Is 'everything' a refrence or isn't it?

Bengt Richter bokr at
Thu Jan 5 16:35:56 EST 2006

On 4 Jan 2006 10:54:17 -0800, "KraftDiner" <bobrien18 at> wrote:

>I was under the assumption that everything in python was a refrence...
>so if I code this:
>lst = [1,2,3]
>for i in lst:
>   if i==2:
>      i = 4
>print lst
>I though the contents of lst would be modified.. (After reading that
>'everything' is a refrence.)
>so it seems that in order to do this I need to code it like:
>lst = [1,2,3]
>for i in range(len(lst)):
>   if lst[i] == 2:
>      lst[i]=4
>print lst
>Have I misunderstood something?
Evidently, as others have already elaborated upon ;-)

I am wondering if it might be helpful to focus on expressions
first, and point out that the result is always a reference to
an object representing the value of the expression.

Since you always get a reference to a value-representing object,
assignment can only have meaning in terms of what you can do with that reference.
You can never assign a value per se. Therefore an assignment is
placing the reference in a place determined by the assignment target syntax.

The simplest is a bare name, and then we speak of binding a name to the
value-representing object. The name belongs to some context, and name space,
and an implementation will determine how to find the named binding site that
will hold the reference, depending on what name space is involved. E.g. the
binding site might be an optimized slot in a function's local name space.

Other assignment syntaxes also create bindings, and also identify what I am
calling binding sites. These sites may be within the representation of another object,
and located by some computation implementing the semantics, such as finding
an appropriate offset into the current representation of a list, or a hash-accessed
bucket/slot of a dict etc.

BTW, the implementation of finding a binding site for a non-bare-name binding
is typically a method call with the method and arguments determined by the trailing
end of the assignment target expression and the object whose method is to be found
determined by the expression up to the trailing end.

Binding site implementation is not part of the language, but the semantics of
binding objects 1:1 or 1:many is.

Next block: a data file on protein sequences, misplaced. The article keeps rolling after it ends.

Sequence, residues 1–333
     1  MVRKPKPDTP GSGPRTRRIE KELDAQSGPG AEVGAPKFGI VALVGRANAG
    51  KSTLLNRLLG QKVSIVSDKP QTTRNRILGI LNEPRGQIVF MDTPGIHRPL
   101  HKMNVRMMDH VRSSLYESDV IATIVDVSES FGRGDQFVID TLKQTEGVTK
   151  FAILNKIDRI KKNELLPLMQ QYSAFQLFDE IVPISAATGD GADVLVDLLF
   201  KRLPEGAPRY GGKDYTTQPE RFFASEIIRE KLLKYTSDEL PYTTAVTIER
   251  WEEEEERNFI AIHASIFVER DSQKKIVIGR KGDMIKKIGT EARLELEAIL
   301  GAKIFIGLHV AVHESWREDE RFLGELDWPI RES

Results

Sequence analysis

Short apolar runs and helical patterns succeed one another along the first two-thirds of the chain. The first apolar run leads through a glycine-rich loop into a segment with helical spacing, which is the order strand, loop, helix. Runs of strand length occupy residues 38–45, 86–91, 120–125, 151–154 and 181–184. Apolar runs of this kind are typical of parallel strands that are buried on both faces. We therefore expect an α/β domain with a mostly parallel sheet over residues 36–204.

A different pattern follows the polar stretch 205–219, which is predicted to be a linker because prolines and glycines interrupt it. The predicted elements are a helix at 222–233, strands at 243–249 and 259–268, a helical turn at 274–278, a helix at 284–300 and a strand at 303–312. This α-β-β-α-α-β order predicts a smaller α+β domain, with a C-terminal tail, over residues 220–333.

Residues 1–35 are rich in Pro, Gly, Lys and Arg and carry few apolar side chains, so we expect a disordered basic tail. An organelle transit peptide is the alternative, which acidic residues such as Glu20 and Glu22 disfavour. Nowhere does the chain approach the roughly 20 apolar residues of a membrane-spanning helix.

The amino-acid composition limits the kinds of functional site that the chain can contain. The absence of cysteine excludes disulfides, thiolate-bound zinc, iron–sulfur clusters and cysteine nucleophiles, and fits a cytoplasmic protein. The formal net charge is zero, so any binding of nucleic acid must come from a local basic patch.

Mutable objects have assignable binding sites. Immutable objects do not (except
for the "assignment" of initial binding references during their creation). Containing objects
contain binding sites, not values. Binding sites must have references to some
value-representing object or other if they semantically exist, though of course an implementation
may manage space any way convenient if semantics are preserved.

Going back to an expression again, when e.g., a name is evaluated, the name identifies
a binding site somwhere, and the value of any expression (including bare name) is, as we said at the start,
"a reference to an object representing the value of the expression."

In the case of a bare name, we have that reference as soon as we have identified the binding site
associated with the name, since that contains a reference to a value-representing object. If this reference
is now assigned to a binding site identified by another bare name, we have two bare names with respective
associated binding sites having references referring to the same value-representing object.

IOW, python shares value representations by default. Including mutable value representations. Which
means if you want a distinct mutable value equal to a given one, you need an expression that does
more than evaluate to find the reference to the given one -- i.e., creates a new value-representing object
using the given for information, and returns a reference the new.

To a C programmer, it will be tempting to say that "binding sites" are just pointer-data locations,
and references are pointers, and "value-representing-object" is just malloc'ed space for some custom
struct or array or both. This could be true for a particular implementation, but I think "binding site"
and "reference" as I have just used them, are also abstract concepts, capable of alternative, non-C
implementation of the python semantics. So I thought I'd try this as a possible terminology, to see if
it makes it any easier for anyone ;-)

Bengt Richter

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